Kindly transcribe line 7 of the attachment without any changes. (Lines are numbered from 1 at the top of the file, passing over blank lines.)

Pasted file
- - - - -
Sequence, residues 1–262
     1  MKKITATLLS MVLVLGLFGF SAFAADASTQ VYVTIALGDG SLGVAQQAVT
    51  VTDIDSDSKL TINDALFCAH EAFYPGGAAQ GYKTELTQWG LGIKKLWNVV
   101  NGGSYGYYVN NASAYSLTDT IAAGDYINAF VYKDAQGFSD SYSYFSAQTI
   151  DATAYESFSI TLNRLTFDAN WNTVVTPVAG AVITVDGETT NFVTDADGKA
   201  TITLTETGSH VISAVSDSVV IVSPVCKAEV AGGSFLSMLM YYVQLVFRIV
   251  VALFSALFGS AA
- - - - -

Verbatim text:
   251  VALFSALFGS AA